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War Horse

Part of our astonishment at War Horse is its epic scope, the odyssey of a boy and his horse set against World War I in Europe; part of our amazement is the spectacle of life-sized model horses imbued with every tic, snicker and snort, swish of the tail, and muscular wrinkle of the great beasts themselves; part of our awe is of the heart-rendering drama. Add these up and the experience is more than the sum of its parts: we are totally transformed.

War Horse battle scene
War Horse battle scene
Photo: National Theatre
Based on the novel by Michael Morpurgo, War Horse provides a small, but palpitating glimpse into the slaughter of the Great War and its toll on humans and animals alike. All the bluster and bravado that precedes every such conflagration, the surety with which leaders and followers alike promise easy, glorious victories, is laid bare before us. The cavalry charge, the rifle reports, the canon fire, the smoke, and eventually the buzzing aircraft and an impressive tank send us reeling.

Yet it is, ultimately, the simple story of a boy's love for his horse and the parallel trials they face during their separation.

Luke Treadaway as Albert Narracott
Luke Treadaway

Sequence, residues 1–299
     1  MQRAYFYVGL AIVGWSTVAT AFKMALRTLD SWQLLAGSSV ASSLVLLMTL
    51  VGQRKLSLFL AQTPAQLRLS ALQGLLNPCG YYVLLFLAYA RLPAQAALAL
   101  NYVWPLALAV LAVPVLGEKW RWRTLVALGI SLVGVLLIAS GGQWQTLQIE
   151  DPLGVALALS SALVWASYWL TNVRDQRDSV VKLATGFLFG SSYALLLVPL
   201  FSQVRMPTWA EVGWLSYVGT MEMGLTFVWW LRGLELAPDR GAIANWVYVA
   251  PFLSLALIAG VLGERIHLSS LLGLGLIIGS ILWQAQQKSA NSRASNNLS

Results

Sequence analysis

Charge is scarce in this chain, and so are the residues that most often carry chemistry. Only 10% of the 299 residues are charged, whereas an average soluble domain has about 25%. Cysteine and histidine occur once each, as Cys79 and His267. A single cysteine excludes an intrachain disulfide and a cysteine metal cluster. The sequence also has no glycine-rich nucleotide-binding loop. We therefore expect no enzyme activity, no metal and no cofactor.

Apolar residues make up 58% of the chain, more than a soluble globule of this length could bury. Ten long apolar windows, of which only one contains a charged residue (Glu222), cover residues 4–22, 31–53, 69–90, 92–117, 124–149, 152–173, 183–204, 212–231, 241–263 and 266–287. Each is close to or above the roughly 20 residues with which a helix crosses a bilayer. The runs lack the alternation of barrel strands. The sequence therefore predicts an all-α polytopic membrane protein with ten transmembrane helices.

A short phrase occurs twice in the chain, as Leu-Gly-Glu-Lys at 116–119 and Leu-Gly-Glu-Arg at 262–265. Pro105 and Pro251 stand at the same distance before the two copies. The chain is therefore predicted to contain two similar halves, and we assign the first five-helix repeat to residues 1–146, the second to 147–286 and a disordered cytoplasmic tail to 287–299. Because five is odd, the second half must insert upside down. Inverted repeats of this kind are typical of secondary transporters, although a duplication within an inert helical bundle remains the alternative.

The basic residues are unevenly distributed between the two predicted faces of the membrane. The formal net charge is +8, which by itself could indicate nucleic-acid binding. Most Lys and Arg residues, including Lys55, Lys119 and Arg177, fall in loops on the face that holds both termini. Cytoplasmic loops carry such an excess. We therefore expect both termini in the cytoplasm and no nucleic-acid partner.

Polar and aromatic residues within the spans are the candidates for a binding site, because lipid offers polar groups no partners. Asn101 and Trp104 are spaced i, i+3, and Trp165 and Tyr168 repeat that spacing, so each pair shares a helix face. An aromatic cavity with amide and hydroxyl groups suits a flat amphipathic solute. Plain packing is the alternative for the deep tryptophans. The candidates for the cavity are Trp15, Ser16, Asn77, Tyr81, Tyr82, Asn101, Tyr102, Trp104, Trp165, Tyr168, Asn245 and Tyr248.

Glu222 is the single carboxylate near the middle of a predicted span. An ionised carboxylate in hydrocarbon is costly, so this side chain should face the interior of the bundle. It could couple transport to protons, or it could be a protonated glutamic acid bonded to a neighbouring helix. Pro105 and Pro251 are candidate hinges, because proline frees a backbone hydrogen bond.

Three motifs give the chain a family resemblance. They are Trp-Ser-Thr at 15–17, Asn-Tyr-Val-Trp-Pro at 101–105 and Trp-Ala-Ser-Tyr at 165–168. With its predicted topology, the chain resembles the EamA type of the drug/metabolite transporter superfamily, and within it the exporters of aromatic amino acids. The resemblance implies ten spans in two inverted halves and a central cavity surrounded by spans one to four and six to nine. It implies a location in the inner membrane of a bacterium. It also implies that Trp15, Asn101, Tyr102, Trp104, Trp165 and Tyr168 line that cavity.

as Albert Narracott
Photo: National Theatre
After raising Joey since he was a colt, Albert's world is torn asunder when his father sells the horse to the British cavalry. We've watched them grow up together, the wood-frame colt, awkward and buoyant, the flesh and bones boy, patient and kind, their symbiosis palpable.

Luke Treadaway encapsulates both the boyish wonder and caring of Albert, as he raises Joey and grows up along side him, and the heroic and stoic aspects of Albert, as he pursues Joey into the theatre of war.

Ashley Taylor-Rhys as Ned Warren and Joey
Ashley Taylor-Rhys as Ned Warren
and Joey
Photo: National Theatre

But the real star of the show is Joey—first as a colt, brought to life by Thomas Goodridge, Rachel Leonard, and Mervyn Millar, and then as a stallion, inhabited by Craig Leo, Tommy Luther, and Toby Olié—and his buddy, Topthorn—with detailing by Finn Caldwell, Thomas Goodridge, and Tim Lewis.

So incredibly real do these folks make the equines, that the anthropomorphic qualities overwhelm us. Perhaps part of this intangible gestalt can be traced to our species' ancient veneration of the horse as a spiritual and mythological creature; the rest is entirely the extraordinary doings of the Handspring Puppet Company and their astounding talent. Oh, and did we mention the other four horses, the birds, the goose, the child, and other puppetry personages?

British Cavalry
British Cavalry
Photo: National Theatre
We can only hope that the producers are able to bring this show to the states, not only to dazzle us with their technical virtuosity, but to transform us with Joey's and Albert's journeys.

The National Theatre's production of War Horse, based on a novel by Michael Morpurgo, adapted by Nick Stafford, presented in association with Handspring Puppet Company, runs through February 14th. 011-44-020-7452-3000.

Bob Bows

 

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